• Tuesday, April 16, 2024


Labour party’s lead falls to lowest since June 2023: Poll

Polls over the past year have consistently shown Labour on course for victory in this year’s national election

Keir Starmer campaigns With Labour’s By-election Candidate Gen Kitchen at AFC Rushden& Diamonds on February 13, 2024 in Rushden, England. (Photo by Eddie Keogh/Getty Images)

By: Pramod Thomas

LABOUR’S lead over Tories has fallen 7 percentage points to its lowest since June 2023, a Savanta poll showed on Wednesday (14), after the opposition party scrapped a green spending target and struggled with anti-Semitism allegations.

Polls over the past year have consistently shown Labour on course for victory in this year’s national election following 14 years under the Tories led by prime minister Rishi Sunak.

The latest poll, conducted between Feb. 9 and Feb. 11, estimates that Labour would take 41 per cent of the vote, down five points from two weeks before. Support for the Tories rose by two points to 29 per cent in the same period. The results are based on online interviews with 2,224 people.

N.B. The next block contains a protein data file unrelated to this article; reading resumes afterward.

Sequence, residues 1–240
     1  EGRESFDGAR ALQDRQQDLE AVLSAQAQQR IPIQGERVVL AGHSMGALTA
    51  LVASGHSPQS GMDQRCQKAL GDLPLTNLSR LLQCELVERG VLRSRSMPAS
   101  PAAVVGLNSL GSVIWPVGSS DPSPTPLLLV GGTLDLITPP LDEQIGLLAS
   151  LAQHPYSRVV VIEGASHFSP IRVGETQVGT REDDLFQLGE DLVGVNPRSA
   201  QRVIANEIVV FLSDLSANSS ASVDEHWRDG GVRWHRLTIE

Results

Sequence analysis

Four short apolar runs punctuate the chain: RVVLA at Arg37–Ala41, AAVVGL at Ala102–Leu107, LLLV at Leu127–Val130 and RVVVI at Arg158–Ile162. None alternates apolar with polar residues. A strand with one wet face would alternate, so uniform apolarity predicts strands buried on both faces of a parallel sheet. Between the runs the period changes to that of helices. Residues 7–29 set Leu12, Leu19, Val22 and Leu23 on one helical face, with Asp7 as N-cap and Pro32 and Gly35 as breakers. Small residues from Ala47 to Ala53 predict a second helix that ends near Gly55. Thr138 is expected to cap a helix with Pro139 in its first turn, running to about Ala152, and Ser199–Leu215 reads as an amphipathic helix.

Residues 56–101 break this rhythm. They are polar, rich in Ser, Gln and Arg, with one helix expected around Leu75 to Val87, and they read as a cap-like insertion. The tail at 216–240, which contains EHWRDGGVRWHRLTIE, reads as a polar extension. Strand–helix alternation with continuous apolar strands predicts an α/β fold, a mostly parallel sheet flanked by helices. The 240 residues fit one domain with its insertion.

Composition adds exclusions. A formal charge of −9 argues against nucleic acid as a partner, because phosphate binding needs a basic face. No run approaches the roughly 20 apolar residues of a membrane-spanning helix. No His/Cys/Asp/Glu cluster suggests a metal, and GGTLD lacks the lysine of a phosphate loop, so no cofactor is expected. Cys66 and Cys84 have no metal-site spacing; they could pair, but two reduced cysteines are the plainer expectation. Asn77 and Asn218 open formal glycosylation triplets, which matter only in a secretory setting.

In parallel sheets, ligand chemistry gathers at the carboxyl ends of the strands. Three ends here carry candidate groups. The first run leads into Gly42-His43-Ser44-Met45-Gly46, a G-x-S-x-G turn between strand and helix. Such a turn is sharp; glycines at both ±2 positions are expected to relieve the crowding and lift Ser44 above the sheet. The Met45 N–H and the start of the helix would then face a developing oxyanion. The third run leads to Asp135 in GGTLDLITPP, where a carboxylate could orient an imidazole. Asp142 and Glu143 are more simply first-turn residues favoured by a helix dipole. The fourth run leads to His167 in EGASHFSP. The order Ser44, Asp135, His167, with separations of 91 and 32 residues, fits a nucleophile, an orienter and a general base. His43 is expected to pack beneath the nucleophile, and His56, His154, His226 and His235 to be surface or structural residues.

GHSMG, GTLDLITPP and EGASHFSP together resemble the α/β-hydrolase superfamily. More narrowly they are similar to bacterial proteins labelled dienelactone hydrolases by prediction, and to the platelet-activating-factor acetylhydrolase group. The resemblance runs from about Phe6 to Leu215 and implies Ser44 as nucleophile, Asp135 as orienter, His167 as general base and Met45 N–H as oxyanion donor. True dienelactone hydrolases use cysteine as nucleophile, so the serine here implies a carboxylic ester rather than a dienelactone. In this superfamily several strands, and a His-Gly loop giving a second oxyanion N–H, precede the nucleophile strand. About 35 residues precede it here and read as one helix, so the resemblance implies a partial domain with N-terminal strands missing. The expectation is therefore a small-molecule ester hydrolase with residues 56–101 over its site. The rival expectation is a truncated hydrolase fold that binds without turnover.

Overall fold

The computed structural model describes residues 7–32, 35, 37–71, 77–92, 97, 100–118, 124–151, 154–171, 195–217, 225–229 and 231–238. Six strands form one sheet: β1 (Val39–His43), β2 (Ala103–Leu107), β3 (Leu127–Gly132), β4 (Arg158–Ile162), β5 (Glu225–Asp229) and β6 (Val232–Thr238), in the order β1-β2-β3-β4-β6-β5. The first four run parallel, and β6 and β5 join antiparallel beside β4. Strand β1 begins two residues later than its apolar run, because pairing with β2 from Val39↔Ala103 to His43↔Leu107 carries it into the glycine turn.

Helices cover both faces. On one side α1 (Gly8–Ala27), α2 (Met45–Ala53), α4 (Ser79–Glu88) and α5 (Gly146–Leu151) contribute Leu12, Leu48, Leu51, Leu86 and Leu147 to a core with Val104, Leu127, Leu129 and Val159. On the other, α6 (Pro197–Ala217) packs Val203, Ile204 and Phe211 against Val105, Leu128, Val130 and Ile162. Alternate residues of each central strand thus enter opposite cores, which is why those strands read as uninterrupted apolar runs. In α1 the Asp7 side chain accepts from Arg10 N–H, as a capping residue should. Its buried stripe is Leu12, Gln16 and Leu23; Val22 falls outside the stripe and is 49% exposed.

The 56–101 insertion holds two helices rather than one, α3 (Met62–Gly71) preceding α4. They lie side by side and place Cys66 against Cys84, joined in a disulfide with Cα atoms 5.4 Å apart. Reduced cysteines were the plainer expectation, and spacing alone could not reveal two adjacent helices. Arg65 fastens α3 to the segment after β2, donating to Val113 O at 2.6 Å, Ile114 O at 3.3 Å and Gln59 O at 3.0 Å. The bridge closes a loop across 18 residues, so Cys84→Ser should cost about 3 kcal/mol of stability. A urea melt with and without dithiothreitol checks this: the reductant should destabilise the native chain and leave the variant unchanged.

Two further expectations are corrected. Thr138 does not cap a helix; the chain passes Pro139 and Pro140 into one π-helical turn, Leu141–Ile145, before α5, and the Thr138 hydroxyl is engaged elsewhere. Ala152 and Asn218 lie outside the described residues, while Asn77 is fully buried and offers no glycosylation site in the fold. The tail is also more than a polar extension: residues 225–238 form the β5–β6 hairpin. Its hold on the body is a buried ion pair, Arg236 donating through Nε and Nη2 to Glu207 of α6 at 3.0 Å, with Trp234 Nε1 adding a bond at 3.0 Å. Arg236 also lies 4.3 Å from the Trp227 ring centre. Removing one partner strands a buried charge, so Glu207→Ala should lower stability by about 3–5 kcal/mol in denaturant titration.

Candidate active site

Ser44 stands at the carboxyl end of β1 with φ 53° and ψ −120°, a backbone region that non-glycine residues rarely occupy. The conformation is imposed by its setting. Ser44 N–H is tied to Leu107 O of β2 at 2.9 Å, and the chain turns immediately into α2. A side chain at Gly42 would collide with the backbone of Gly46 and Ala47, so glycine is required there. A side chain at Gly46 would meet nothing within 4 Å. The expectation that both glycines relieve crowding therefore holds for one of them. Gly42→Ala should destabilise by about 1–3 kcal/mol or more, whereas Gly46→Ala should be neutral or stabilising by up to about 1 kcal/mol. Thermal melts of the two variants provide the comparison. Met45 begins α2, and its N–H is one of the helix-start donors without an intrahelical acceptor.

The last time Savanta’s polling showed Labour’s vote share as low as 41 per cent was in September 2022 and the party’s lead as low as 12 points was in June last year.

Although Savanta Political Research Director Chris Hopkins cautioned against reading too much into a single poll, he said it showed there were question marks for some voters over Labour.

“This poll still serves as useful a reminder as any that Labour’s lead – while consistently high for many months – is not infallible,” he said.

“Voters have not quite made up their mind about Keir Starmer’s Labour party, and doubts could well be creeping back in.”

The polling coincided with the first media reports that Labour’s candidate to become a member of parliament in a so-called by-election in Rochdale, northern England, had been recorded espousing conspiracy theories about Israel.

It also came after the party announced a policy U-turn, saying it would scrap a target to eventually spend £ 28 billion a year on green industries if it takes power because of the worsened economic outlook.

Modelling provided by the Electoral Calculus website based on the latest poll still put Labour on course for a 92-seat majority if replicated at the national election, Savanta said.


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